30 Jun

Special retrospective on Pat Summit

Contribution by Savannah Padron; Florida State University junior majoring in Sports Management:

On Tuesday, June 28th , Pat Summit, the woman who made the upmost impact on women’s basketball lost her life to Alzheimer’s disease. She was diagnosed with early onset dementia at 59 years old and died at 64. Summit was not only a coach to her players, she was a life mentor by leading example. She did not start her career winning a national title, she worked up to the 8 national championships and over 1000 wins. Summit started as a young coach and was not doing it for the money, but the love of the game. Growing up playing basketball myself, I had many coaches that put me in shape physically but also shaped my outlook on life mentally. Coaches are some of the first people who show an athlete disappointment by making them sit the bench. This teaches athletes to work harder to earn their place on that court. Coaches do not believe in tardiness, “Early is on time, on time is late”. Coaches guide athletes to reach their full potential. Summit did this with a large number of players not only making it to the WNBA, but also the Olympic team. She was respected for her overall character and loyalty to the Tennessee community. For a woman to accomplish so much from such a small town and impact so many lives in a positive way, she is truly a legend whose legacy will never die.

30 Jun

British Referendum Impact on BPL

Rick Horrow with special contribution by Peyton Shapiro

What has been referred to as Brexit, Britain voting to leave the EU, came with disbelief leading to unprecedented volatility and turbulence throughout international market indices. On Friday, June 24, 2016, the Dow Jones dropped 611.21 points or 3.4%, while the dollar followed suit falling to $1.10. Yet, the British Pound continued to decline to $1.32, the lowest since the mid 1980’s (The Economist). As a result, sports fans may cast doubt over the financial strength of the Barclays Premier League (BPL) and the clubs that comprise the league. However, the league has positioned itself for success independent of the country’s political stance. The BPL’s financial strength is reassured by its newly signed television broadcast and club apparel endorsement deals which result in the individual clubs yielding higher income. The extra cash flow may then be used to purchase key players to strengthen the club’s roster.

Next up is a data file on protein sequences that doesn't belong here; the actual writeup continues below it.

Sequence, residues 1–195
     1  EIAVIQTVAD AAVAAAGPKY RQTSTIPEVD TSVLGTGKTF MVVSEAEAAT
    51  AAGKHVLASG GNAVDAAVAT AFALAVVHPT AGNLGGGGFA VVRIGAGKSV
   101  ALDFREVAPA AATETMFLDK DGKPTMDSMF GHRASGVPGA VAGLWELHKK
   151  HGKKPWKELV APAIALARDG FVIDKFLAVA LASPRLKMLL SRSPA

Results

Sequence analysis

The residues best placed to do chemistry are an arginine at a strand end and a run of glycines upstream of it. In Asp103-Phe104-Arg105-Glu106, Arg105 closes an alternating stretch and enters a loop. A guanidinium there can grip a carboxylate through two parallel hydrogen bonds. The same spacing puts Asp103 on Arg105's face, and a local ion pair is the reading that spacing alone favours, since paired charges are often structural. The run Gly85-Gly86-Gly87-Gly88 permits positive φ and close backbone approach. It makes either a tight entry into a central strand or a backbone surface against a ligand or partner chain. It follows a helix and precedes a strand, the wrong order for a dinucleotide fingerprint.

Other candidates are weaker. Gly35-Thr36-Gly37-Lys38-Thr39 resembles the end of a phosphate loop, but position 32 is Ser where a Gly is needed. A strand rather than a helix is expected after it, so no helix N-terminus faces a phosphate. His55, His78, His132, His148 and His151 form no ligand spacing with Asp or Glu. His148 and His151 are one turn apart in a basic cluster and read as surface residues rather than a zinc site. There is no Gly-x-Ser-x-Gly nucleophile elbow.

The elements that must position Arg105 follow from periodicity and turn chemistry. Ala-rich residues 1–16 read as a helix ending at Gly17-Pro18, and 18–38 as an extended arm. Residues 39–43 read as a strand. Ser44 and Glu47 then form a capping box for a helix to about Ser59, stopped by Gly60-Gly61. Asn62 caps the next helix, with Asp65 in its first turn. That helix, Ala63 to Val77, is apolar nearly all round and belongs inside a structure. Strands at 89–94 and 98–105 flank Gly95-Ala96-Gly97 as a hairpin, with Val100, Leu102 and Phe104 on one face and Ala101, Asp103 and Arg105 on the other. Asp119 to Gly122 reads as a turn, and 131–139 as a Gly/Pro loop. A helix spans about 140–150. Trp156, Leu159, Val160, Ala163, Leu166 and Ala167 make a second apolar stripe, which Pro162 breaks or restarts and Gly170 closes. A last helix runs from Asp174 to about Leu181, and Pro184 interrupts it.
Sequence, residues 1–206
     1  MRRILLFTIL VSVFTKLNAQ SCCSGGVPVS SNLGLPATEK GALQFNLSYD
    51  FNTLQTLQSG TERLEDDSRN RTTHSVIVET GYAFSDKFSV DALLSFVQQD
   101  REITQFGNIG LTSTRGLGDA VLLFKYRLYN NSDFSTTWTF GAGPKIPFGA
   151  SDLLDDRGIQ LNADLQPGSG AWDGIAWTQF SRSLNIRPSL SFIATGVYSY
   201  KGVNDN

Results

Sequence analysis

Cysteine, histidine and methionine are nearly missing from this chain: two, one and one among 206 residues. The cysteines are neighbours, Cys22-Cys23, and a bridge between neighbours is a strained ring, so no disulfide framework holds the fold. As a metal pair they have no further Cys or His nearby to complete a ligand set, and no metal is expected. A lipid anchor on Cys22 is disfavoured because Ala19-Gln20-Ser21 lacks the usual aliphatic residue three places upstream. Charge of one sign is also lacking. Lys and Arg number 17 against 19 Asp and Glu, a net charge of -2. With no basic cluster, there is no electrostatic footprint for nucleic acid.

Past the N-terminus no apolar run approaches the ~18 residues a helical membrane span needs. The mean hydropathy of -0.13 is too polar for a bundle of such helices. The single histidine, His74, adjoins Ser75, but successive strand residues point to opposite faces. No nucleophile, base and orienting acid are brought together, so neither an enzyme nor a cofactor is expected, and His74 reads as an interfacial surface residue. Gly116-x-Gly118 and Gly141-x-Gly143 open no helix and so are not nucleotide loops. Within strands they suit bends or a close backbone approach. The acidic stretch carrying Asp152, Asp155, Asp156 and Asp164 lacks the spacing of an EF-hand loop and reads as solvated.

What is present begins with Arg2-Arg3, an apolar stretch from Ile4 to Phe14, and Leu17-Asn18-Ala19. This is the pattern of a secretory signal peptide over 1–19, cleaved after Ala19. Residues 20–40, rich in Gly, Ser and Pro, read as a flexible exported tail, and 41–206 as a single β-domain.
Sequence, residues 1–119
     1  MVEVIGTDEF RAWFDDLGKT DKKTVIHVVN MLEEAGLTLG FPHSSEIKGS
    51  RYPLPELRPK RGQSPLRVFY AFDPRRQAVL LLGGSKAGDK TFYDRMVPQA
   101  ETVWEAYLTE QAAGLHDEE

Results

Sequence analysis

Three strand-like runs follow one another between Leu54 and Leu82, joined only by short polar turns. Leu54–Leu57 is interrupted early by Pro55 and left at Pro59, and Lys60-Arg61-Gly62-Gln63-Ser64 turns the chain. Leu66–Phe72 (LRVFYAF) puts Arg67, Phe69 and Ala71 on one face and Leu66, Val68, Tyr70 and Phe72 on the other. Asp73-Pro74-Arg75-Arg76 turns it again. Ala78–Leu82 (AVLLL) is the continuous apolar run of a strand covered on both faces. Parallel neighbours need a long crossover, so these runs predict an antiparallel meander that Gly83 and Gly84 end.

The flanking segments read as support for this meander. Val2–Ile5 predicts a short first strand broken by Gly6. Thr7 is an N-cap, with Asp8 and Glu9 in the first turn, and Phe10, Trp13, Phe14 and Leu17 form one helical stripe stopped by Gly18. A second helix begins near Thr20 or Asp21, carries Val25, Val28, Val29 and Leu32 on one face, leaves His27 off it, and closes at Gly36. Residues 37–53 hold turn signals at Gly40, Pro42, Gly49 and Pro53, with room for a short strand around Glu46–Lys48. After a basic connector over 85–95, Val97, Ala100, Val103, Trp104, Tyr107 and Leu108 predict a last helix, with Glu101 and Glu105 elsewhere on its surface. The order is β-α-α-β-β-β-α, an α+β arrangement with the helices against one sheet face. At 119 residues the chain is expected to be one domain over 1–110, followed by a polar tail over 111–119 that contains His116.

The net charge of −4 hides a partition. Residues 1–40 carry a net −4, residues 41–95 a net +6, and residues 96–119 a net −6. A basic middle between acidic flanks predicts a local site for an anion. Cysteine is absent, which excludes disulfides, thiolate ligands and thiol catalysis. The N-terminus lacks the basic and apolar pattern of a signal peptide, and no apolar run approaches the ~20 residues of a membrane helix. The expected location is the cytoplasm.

During the 2015 season, Sky Sports and BP Sport retained the rights to the Premier League’s television privileges for a total of £5.136 billion. The former will pay £1.392 billion per year for 3 years, while the latter will pay £320 million (BBC News). The broadcast contract is the most lucrative deal in sports broadcasting history. Manchester United, Manchester City, Chelsea, and Arsenal, four of the league’s top clubs, are listed among Forbes 2015 Most Valuable Sports Teams. These four clubs rank within the top 36 most valuable teams as strong management continues to grow the brands. The 2015-2016 season marked the first time in soccer history that a league exceeded spending of $1 billion in the transfer market. Players within the BPL also benefit economically, as a total $586 million were spent on salaries. 

Over the past five years, BPL teams have spent a total of $3,174,649,00. Yet, there is one drawback of England’s referendum. Players bought during the transfer market may have to wait a longer period of time to receive their worker’s permit causing a delay in joining the new club.